Last Updated on March 9, 2023
São Paulo is a big, vibrant, city with high-rises as far as the eye can see. It may not have Rio’s beaches, but for urban explorers, it’s a dream destination.
Born and raised in São Paulo, my sister-in-law has rave reviews about the city where she still has family and visits often. Its 20-million metropolis may not be for everyone, but for most visitors, one taste of São Paulo leaves them only wanting more.
Even my son and daughter-in-law ,who recently traveled here for business, couldn’t say enough good things about the unique charisma, courteous locals, and dining options. Culture and art dominate the city and for those into a vibrant nightlife, São Paulo is where you’ll find it.
Based on family recommendations, we’re bringing you the best and brightest of the things to do while when you visit São Paulo.
Best Time to Visit
The best time to visit São Paulo in their spring (September to November). During this shoulder season, the days are long, nights are cool, and the city hosts a variety of week-long events focused on food, art, and entertainment.
Try the Local Cuisine
São Paulo is known for its diverse food scene, with unparalleled influences from all over Brazil and beyond. As well as being the ‘fine dining capital’ of Brazil, the street food in São Paulo is a huge draw. Beside the traditional Brazilian cuisine, visitors can find indigenous, African and European influences and ingredients in the local cuisine.
Don’t miss trying some traditional Brazilian dishes like feijoada, a hearty stew of black beans, beef and pork or pão de queijo, a mouthwatering cheese bread.
Metropolitan Cathedral da Sé
First on our list for things to do in São Paulo is a visit to Sé Square. The Square is the ground zero of the city and the Metropolitan Cathedral of Sé is an attraction that goes beyond religion as it represents a large part of São Paulo’s history.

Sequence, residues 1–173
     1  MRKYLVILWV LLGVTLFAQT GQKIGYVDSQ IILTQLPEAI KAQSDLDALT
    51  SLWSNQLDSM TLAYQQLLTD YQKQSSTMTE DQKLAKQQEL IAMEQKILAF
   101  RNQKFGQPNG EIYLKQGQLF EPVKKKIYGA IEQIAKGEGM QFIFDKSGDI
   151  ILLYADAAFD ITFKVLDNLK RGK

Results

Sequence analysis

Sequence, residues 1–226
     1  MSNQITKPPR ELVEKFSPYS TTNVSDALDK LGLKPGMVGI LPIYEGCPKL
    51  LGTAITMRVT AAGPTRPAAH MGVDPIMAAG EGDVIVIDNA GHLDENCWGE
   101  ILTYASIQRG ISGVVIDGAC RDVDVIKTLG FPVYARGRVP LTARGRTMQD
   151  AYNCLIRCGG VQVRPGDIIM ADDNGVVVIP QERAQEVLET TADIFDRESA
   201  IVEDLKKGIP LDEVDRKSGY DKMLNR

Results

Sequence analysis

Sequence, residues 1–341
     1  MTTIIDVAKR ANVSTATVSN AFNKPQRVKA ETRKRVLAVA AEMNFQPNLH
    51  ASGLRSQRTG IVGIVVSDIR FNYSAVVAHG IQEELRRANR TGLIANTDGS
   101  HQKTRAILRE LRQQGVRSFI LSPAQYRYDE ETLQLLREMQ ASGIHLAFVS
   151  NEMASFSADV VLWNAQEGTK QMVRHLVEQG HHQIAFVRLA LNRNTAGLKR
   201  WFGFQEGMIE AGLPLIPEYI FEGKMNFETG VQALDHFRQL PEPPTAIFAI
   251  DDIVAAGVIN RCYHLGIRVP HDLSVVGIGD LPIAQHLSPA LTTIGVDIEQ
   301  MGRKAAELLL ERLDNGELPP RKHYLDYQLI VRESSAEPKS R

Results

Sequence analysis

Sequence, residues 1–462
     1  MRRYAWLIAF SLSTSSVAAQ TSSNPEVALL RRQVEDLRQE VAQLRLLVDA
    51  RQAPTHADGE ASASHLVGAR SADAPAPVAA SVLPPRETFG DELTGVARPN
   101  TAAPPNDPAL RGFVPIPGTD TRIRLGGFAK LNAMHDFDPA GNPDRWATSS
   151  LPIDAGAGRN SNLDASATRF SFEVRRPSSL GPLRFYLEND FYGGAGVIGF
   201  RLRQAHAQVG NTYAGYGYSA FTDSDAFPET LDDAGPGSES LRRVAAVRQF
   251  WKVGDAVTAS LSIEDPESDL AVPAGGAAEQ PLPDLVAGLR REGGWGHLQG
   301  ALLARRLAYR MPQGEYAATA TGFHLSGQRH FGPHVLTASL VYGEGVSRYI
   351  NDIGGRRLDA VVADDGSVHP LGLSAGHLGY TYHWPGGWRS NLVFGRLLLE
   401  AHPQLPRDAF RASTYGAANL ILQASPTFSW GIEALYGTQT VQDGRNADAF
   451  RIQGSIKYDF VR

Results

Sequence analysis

In addition to the cathedral featuring unique Gothic revival style architecture, it is the largest church in São Paulo and one of the five largest neo-Gothic temples in the world. The cathedral has a capacity for almost eight thousand people, and it is from here that the distance from any point in the city is calculated.
The square is also a popular meeting point and gathering zone for all age groups.
Museu do Futebol
In a country as passionate about soccer as Brazil, host of the 2014 World Cup, it’s amazing that the Museu do Futebol didn’t open until 2010. However, as my sister-in-law proclaims “it was well worth the wait.”
Even for people who aren’t that interested in soccer, the museum is a great opportunity to learn more about Brazilian culture. A special gallery is dedicated to Brazilian soccer heroes, with a tribute to its two biggest legends, Pele and Garrincha.
Several beautiful photo galleries include one that shows the history of soccer from its humble beginnings at the end of the 19th century, with gorgeous old photographs of Brazilian society, and a second showcasing every World Cup, with sports, cultural, and social highlights of each tournament.
Another gallery is dedicated to the rules of the game—with audiovisual booths to watch famous goals and controversial calls.
The museum is housed inside Pacaembu, a classic 1940s stadium still used for matches and concerts.
Pátio do Colégio
This is where São Paulo emerged. Visiting Pátio do Colégio is a unique opportunity to see where it all started. The complex belongs to the Companhia de Jesus, a religious Jesuit order founded in 1540. The Anchieta Museum here preserves the origins of the city through models, maps and panels.